Wednesday, November 17, 2010

Nurse Leaders as Change Agents, Are We Up to the Challenge? By Beth Boynton, RN, MS

Nurse Leaders as Change Agents




11.02.2010 09:26 PM

Are We Up to the Challenge?

By Beth Boynton, RN, MS

Most of the work I do as a consultant, author and teacher is grounded in my belief that nurses are intelligent, capable and compassionate professionals who have a huge potential and daunting responsibility to improve healthcare. I believe that efforts to communicate respectfully and create respectful work environments will directly and indirectly lead to providing safe, quality care and experiencing long-term rewarding career paths in nursing. In fact, (at the time of this writing) I am working on a keynote address that focuses on this message for the ANA-WA leadership conference in September.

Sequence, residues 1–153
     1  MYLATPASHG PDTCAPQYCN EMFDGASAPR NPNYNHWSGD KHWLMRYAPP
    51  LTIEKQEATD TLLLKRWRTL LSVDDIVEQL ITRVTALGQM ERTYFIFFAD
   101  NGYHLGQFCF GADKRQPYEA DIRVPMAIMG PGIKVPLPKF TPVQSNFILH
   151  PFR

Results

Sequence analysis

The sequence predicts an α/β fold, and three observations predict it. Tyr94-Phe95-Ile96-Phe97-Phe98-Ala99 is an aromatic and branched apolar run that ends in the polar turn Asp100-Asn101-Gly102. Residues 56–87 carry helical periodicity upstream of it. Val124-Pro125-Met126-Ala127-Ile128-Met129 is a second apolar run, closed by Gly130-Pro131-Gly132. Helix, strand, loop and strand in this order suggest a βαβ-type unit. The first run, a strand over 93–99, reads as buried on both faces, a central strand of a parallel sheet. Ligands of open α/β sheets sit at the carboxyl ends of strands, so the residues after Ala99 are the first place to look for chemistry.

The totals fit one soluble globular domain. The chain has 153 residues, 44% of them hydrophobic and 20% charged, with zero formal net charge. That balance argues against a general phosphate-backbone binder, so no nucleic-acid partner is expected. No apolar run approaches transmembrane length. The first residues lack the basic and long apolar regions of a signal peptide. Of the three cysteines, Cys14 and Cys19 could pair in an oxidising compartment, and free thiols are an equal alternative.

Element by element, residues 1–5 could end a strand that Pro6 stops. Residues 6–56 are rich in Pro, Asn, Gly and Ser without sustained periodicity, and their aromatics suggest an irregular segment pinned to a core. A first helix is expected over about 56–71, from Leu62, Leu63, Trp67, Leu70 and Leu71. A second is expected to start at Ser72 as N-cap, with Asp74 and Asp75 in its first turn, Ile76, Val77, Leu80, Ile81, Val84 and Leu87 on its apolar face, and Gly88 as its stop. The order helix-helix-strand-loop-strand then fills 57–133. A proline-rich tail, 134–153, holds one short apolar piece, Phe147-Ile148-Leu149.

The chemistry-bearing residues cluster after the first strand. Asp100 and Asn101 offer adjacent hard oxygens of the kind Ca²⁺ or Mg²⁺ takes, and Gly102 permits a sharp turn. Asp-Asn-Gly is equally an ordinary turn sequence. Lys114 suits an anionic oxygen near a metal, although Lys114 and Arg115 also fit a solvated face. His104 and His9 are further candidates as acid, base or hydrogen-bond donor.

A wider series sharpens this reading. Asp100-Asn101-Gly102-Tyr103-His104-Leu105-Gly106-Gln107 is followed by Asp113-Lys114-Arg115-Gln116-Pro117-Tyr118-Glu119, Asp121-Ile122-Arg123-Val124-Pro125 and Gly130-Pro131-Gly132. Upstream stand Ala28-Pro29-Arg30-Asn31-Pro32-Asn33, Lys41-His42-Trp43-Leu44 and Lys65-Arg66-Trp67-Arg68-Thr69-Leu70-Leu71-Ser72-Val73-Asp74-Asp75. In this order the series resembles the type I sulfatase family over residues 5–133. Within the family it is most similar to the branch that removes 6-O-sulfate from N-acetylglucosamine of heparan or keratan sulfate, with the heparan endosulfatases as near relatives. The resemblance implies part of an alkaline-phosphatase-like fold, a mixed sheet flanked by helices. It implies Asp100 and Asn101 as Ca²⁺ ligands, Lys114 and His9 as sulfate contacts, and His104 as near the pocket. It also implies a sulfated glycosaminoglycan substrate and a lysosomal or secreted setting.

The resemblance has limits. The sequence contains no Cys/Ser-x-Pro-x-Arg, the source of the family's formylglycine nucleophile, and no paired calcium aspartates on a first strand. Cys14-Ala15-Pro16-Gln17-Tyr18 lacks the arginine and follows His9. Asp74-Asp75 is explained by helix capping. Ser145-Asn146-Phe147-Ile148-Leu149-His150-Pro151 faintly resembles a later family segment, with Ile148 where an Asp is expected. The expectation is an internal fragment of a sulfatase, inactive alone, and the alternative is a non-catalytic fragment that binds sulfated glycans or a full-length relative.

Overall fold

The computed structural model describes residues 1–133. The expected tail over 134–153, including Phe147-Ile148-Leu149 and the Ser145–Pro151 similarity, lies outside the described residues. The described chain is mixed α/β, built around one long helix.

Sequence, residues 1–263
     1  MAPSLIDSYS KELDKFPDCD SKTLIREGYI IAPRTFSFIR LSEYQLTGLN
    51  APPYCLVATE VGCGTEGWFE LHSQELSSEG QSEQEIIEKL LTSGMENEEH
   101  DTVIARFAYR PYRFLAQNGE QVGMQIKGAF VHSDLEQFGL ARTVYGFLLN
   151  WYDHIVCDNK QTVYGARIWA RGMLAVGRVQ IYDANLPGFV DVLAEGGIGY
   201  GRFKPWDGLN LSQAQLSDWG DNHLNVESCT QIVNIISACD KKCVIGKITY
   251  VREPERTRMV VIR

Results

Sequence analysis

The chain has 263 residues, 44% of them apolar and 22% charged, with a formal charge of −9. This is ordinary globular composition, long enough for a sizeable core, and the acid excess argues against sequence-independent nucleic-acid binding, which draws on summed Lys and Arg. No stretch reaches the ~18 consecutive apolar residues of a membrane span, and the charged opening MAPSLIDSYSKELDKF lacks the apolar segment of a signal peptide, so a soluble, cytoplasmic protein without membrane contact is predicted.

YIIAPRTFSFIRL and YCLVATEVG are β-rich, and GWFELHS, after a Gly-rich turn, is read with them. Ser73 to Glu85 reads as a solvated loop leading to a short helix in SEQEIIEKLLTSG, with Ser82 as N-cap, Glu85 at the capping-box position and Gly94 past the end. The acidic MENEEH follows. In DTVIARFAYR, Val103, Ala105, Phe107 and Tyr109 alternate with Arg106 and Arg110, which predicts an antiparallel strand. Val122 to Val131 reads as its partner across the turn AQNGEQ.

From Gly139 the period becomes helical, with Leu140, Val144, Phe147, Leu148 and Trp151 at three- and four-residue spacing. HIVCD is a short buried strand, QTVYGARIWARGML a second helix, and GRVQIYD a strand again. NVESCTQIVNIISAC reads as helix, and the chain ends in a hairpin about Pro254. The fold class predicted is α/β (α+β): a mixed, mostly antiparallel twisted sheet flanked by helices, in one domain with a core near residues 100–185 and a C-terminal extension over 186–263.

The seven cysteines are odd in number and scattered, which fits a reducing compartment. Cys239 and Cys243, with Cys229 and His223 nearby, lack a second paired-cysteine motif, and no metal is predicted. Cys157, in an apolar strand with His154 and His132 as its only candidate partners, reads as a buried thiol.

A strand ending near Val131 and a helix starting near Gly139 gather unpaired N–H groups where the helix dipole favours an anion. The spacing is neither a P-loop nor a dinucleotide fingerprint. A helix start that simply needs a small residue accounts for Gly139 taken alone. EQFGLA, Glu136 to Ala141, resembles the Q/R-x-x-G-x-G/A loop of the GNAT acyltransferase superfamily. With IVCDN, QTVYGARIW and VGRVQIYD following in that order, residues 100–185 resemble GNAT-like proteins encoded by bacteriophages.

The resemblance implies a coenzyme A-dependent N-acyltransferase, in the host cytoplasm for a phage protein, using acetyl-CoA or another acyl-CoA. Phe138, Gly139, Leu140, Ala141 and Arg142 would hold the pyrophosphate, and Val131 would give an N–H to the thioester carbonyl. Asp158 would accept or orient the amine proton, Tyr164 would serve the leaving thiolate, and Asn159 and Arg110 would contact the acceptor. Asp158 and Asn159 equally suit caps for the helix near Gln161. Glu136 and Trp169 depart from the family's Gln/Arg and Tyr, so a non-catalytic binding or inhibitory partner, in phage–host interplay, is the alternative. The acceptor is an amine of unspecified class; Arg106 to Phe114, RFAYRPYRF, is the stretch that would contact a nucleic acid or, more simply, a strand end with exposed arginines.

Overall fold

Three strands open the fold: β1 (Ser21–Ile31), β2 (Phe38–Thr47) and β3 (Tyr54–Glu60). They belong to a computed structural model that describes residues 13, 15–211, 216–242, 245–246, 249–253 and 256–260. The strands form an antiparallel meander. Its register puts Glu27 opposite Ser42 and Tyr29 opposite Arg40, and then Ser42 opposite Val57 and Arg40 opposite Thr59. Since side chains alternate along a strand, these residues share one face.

Yet, there are times when I work as a per diem staff nurse, I feel frustrated, powerless and despairing. I have one hundred urgent things to do and time to do about 60 of them if I am going to follow protocols and take the time to listen respectfully to all parties. I can take short cuts and do about 80 of them. Add to that an environment with chair alarms, bed alarms, exit-seeking alarms, endless interruptions, new problems and wasted time looking for supplies, and by the end of my shift I am emotionally, physically and intellectually exhausted. And, I didn't do everything I should have.

Patients, families, physicians, colleagues and administrators have the right to expect skilled, timely and compassionate care, don't they? And I have a right to expect all of these stakeholders to contribute to positive or at least optimal outcomes, don't I? Yet horizontal and vertical violence are huge problems and many of our workplace relationships are dysfunctional. This keeps us fragmented and isolated. Collaboration seems like an obvious way to reclaim our power and have more impact on our system.